The crowd was subdued. Not nearly the ovations of yesterday's game and things were postively quiet at times. Jack Morris, winning pitcher from game 7 of the 1991 series and candidate for one of the "MasterCard Memorable Moments" to be revealed at the World Series, threw out the first pitch and appeared to be genuinely moved by the sustained ovation that he received. His 1991 teammate and 2002 third base coach, Al Newman, caught the ball and the two exchanged hugs on his way back to the clubhouse.
The Twins played solid ball and the A's fell apart. In a wild 4th inning, the A's commited two errors, had two wild pitches, a hit batsman, four hits and gave up seven unearned runs. That was all the Twins needed to win, but it added to two runs they'd earned earlier and they tacked on two later to win 11-2.
I ended up annoying some of the folks sitting behind me in the third inning. At the top of the inning, Eric Milton gave up a two-run homer to Miguel Tejada, the A's shortstop and MVP candidate. When the Twins came up in the bottom of the third, A. J. Pierzynski started the inning with a single. That was enough for me. I was on my feet for the remainder of the inning. If the Twins were going to lose this game, it wasn't going to be because I wasn't cheering enough. After Louis Rivas struck out, the calls of "Down in front!" started coming from behind me. I ignored them for the most part but turned around to call "Up in back!" to them. Then Jacque Jones hit a ground-rule double, sending Pierzynski to third. Suddenly everyone was on their feet and cheering. Hypocrites. Guzman scored Pierzynski with a grounder to short and David Ortiz scored Jones with another double. I felt vindicated and claimed these runs as my own. The Twins had tied the game, getting back two runs for their pitcher and I was part of it. No thanks to the grumpy gus-es who wanted a comfortable, quiet seat to watch the game. That's what couches at home are for. When you're at the dome for a playoff game, part of your job is cheer your ass off to help the team. I didn't pay $20 a seat to watch a tennis match.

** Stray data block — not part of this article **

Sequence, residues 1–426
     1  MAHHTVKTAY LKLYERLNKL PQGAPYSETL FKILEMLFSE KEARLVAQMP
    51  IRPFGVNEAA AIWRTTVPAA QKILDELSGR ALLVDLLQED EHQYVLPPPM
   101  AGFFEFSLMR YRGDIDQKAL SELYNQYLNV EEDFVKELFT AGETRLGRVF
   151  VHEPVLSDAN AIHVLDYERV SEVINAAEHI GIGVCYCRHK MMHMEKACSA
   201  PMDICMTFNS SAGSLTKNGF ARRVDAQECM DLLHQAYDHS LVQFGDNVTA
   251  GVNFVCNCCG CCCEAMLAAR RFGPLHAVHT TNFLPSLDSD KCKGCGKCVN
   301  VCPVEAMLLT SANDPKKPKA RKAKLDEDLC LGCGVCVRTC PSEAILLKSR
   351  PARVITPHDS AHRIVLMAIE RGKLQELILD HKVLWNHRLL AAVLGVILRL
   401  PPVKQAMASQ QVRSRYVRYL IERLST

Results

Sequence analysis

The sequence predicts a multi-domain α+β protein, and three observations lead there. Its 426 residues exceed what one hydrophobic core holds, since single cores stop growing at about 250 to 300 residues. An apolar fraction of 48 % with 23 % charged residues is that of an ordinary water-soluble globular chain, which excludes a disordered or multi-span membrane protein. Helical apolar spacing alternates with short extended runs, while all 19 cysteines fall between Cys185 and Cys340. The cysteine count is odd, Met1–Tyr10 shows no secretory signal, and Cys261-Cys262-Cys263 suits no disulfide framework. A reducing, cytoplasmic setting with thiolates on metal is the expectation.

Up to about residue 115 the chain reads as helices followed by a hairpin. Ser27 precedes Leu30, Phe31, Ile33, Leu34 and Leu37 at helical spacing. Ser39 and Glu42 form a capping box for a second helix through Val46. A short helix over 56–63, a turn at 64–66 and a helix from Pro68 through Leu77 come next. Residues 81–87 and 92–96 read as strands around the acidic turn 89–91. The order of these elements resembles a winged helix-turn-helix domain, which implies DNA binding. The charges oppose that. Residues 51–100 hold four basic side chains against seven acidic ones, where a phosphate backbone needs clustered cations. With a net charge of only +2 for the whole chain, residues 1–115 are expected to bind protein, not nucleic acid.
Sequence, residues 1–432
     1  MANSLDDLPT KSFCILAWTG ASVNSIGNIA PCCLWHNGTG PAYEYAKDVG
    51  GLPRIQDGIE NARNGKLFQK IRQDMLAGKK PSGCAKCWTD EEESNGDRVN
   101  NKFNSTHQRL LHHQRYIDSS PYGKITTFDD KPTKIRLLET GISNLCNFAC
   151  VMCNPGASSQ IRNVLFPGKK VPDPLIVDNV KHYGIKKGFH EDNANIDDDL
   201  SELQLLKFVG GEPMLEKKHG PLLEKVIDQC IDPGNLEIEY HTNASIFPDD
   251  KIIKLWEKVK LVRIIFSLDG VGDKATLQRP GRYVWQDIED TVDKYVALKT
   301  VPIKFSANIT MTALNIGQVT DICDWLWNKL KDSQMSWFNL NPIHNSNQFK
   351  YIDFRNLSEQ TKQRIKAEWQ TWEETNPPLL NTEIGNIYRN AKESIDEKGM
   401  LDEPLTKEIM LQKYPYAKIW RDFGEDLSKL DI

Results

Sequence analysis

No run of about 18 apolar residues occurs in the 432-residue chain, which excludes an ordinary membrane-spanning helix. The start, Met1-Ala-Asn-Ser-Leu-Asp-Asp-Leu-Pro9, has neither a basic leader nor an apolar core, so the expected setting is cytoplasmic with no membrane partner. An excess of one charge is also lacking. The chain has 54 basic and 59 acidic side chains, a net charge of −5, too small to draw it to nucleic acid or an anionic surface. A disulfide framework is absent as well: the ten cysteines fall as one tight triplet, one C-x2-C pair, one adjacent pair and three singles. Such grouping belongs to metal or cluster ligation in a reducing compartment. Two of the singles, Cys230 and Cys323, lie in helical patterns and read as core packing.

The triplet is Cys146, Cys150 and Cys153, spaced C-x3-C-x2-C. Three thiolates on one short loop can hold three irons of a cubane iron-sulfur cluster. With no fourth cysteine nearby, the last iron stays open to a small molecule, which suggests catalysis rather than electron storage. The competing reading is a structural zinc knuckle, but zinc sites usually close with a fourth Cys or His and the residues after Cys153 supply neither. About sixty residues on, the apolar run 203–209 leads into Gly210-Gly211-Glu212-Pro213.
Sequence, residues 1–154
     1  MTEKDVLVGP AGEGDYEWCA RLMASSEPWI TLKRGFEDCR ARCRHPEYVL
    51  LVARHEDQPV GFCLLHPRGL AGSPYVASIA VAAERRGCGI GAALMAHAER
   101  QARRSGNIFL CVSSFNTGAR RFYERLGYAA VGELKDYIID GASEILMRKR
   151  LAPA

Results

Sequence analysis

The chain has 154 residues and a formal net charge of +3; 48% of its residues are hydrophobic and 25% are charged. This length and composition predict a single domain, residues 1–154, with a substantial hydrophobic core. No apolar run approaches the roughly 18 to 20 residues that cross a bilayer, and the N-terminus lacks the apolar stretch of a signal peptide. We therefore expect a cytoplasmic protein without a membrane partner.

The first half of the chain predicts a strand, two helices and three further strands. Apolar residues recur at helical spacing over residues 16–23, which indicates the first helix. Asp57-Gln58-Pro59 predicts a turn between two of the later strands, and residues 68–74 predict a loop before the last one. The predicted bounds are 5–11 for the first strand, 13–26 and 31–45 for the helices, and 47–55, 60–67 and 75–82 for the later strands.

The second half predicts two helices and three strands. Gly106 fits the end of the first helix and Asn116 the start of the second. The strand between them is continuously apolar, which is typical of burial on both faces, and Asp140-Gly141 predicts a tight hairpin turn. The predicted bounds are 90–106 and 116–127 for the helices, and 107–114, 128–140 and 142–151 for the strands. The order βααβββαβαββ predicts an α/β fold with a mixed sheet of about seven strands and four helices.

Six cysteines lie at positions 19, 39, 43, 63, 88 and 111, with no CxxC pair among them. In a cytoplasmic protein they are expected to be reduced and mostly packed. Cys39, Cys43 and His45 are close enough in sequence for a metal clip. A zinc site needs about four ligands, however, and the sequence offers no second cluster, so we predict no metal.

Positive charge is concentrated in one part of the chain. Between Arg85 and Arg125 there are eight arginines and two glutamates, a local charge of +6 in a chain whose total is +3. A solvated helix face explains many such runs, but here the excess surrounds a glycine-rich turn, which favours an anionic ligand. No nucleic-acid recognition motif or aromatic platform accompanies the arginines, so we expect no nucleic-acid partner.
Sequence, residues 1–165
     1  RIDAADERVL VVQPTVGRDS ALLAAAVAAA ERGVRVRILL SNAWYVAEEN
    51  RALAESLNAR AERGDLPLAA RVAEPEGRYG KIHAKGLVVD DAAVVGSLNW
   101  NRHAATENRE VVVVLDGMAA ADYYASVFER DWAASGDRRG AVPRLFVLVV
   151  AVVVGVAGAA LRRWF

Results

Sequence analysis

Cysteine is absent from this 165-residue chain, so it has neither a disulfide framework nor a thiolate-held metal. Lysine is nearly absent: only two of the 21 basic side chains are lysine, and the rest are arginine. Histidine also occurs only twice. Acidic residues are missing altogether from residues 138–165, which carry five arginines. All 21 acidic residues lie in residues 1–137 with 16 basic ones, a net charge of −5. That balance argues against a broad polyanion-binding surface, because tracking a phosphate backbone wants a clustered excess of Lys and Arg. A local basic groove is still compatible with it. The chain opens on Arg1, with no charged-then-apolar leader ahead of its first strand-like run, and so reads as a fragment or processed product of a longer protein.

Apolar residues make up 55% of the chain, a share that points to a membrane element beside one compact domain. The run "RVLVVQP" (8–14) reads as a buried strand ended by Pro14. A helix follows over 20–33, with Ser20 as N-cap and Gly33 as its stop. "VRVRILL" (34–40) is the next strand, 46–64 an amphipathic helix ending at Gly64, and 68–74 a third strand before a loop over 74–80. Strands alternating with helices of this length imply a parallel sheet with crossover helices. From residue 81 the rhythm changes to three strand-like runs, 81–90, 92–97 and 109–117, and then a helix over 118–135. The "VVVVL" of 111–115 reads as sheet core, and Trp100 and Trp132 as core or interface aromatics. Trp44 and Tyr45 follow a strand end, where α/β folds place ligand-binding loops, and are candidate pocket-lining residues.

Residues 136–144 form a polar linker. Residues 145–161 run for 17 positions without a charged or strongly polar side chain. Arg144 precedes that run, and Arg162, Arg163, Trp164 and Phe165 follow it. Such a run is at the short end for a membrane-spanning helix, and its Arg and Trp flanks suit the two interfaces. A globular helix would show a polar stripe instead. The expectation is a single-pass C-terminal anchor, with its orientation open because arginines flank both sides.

My shoulder is still store from clapping and waving my homer hankie. It feels like victory.